• Pedersen O.
      • Lindskov H.O.
      Impaired cellular insulin binding and insulin sensitivity induced by high-fructose feeding in normal subjects.
      • Stanhope K.L.
      • Schwarz J.M.
      • Keim N.L.
      • et al.
      Consuming fructose-sweetened, not glucose-sweetened, beverages increases visceral adiposity and lipids and decreases insulin sensitivity in overweight/obese humans.
      • Reiser S.
      • Handler H.B.
      • Gardner L.B.
      • Hallfrisch J.G.
      • Michaelis IV, O.E.
      • Prather E.S.
      Isocaloric exchange of dietary starch and sucrose in humans, II: effect on fasting blood insulin, glucose, and glucagon and on insulin and glucose response to a sucrose load.
      Fructose consumption—as from sucrose or HFCS—has been linked not only to diabetes-related metabolic abnormalities but also to end-organ damage and diabetic complications. Isolated fructose causes renal injury in animals,
      • Nakayama T.
      • Kosugi T.
      • Gersch M.
      • et al.
      Dietary fructose causes tubulointerstitial injury in the normal rat kidney.
      • Glushakova O.
      • Kosugi T.
      • Roncal C.
      • et al.
      Fructose induces the inflammatory molecule ICAM-1 in endothelial cells.
      • Gersch M.S.
      • Mu W.
      • Cirillo P.
      • et al.
      Fructose, but not dextrose, accelerates the progression of chronic kidney disease.
      and fructose consumption from soft drinks (ie, HFCS) is associated with kidney disease in humans.
      • Shoham D.A.
      • Durazo-Arvizu R.
      • Kramer H.
      • et al.
      Sugary soda consumption and albuminuria: results from the National Health and Nutrition Examination Survey, 1999-2004.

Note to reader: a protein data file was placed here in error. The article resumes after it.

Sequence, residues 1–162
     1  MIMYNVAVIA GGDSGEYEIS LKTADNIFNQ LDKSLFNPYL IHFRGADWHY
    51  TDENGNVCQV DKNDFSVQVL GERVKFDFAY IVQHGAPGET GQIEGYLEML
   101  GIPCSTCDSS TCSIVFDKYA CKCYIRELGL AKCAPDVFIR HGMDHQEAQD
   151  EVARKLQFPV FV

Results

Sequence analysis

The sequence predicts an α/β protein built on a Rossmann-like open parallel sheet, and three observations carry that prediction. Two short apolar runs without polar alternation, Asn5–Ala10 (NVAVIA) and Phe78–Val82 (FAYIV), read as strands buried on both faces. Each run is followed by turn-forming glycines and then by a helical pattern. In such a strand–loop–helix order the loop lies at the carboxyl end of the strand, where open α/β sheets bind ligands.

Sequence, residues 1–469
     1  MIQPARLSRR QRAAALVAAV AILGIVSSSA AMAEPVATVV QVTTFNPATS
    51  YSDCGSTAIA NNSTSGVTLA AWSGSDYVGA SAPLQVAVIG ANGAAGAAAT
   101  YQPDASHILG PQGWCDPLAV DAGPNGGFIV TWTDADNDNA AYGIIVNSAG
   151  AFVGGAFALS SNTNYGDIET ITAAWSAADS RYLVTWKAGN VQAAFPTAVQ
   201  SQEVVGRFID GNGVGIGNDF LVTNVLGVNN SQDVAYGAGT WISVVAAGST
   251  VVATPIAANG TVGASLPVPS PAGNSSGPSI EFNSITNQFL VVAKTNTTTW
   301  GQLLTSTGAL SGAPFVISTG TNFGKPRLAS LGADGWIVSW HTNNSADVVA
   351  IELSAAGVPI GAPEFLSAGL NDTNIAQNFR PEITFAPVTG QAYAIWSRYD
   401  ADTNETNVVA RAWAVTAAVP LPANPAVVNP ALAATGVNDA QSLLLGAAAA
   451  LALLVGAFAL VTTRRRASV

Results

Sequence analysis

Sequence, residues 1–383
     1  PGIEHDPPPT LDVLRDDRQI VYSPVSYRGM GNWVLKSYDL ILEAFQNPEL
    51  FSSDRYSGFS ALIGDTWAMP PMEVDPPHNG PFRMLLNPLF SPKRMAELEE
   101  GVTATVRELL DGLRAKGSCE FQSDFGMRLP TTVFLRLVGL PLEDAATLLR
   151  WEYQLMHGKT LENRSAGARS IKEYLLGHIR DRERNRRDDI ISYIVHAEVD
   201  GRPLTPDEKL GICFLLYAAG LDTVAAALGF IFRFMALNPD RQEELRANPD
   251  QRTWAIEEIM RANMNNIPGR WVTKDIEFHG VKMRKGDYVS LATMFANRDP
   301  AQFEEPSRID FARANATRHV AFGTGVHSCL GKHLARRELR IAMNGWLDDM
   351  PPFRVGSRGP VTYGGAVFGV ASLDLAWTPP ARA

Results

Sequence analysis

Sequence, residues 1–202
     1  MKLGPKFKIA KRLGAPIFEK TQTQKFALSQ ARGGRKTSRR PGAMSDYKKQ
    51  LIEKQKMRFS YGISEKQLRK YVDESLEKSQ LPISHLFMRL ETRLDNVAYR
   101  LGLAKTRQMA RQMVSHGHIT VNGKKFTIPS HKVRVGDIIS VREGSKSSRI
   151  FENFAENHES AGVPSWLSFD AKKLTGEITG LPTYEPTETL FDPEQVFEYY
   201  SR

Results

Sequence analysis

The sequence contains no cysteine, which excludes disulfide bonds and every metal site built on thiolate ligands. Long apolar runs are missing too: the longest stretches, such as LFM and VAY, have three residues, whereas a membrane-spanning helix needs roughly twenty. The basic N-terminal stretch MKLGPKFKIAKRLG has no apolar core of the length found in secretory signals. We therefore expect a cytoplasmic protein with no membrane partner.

Chronic isolated fructose feeding in rodents is associated with diffuse glomerulosclerosis,
      • Cohen A.M.
      • Teitelbaum A.
      • Rosenman E.
      Diabetes induced by a high fructose diet.
      whereas sibling rodents fed starch do not develop this renal abnormality or diabetic microangiopathy as fructose-fed rodents do. Sucrose feeding in rodents causes intercapillary glomerulosclerosis,
      • Cohen A.M.
      • Rosenmann E.
      Diffuse intercapillary glomerulosclerosis in sucrose-fed rats.
      and fructose alone promotes other diabetes-related microvascular complications, such as impaired motor nerve conduction velocity (ie, neuropathy).
      • Hotta N.
      • Kakuta H.
      • Fukasawa H.
      • et al.
      Effects of a fructose-rich diet and the aldose reductase inhibitor, ONO-2235, on the development of diabetic neuropathy in streptozotocin-treated rats.
      Postprandial fructose levels are associated with retinopathy in patients with type 2 diabetes,
      • Kawasaki T.
      • Ogata N.
      • Akanuma H.
      • et al.
      Postprandial plasma fructose level is associated with retinopathy in patients with type 2 diabetes.
      and animal data have revealed that fructose is the component of sucrose that leads to retinopathy.
      • Boot-Handford R.
      • Heath H.
      Identification of fructose as the retinopathic agent associated with the ingestion of sucrose-rich diets in the rat.
      Isolated fructose feeding in rats also causes arterial atherogenesis.
      • Dai S.